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Kurt Vonnegut the Last Interview

edited by Tom McCartan

first things first, this is an amazing cover.

This is what I assume to be a series of interviews with various famous and infamous authors. From the back page alone I know there is also Roberto Bolano The Last interview.

I have only read one Vonnegut book and that is Cat’s Cradle, certainly not his most famous piece of work.

It seems most appropriate that i pick up Slaughterhouse-5 after this.

There are so many wonderful things about this series of interviews.

My favourite interview out of the six is the first set: Kurt Vonnegut, The Art of Fiction, interviewed by David Hayman, David Michaelis, George Plimpton, Richard Rhodes for The Paris Review in 1977.

I strongly recommend the series of interviews that The Paris Review have conducted with various authors over the years. You can actually buy the whole set on amazon. By the way I don’t have the set yet, so .. you know, a birthday present or something, I would accept. (why is the canadian version $10 more than the US version, bah humbug)

The following five other interviewers were basic reiterations of the first one. You’ll re-learn the things that you already previous read with the exception of The Joe & Kurt Show: A conversation with Kurt Vonnegut and Joseph Heller for Playboy in 1992.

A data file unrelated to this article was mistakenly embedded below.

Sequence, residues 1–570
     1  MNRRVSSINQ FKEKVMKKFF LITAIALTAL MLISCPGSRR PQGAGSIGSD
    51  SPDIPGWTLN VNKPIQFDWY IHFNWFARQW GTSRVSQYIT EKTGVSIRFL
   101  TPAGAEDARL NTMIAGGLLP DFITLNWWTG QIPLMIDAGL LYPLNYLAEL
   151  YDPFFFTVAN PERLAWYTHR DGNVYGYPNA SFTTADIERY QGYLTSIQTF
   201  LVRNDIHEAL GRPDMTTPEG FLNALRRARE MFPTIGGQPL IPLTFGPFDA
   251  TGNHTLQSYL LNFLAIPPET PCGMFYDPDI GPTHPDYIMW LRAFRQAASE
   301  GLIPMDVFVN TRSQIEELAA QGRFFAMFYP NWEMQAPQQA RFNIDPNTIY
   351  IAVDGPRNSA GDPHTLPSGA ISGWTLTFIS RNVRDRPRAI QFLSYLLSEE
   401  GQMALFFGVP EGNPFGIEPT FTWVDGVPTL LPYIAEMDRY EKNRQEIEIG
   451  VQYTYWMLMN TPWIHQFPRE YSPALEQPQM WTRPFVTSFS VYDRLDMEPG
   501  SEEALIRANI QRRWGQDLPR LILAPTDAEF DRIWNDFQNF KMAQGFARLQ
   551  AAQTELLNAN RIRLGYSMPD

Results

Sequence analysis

Who knew that Playboy had such decent reading material?

Even though Vonnegut is not a writer that I have widely read, he suddenly shot through the roof in my list of admired and respected writers. there are so many things that I find myself agreeing headily with, so many shared artifacts that I once might have kept secret about.

For one thing, I really dislike literature. I don’t think Vonnegut disliked literature but rather he never felt as included in its most inner circles as he probably should have. Because he often saw himself, and as others also had seen him, as a hack.

I am not even good enough of a writer to be called a hack because I’ve never published anything but I would love one day to be torn apart by The New York Times. Don’t worry I’ll be grinning ear to ear when that happens, hey look, my book is out and it’s being reviewed by a major newspaper, albeit it being a poor reviews!

Who cares! it’s happening!

There are so many other things that I find myself in common with him.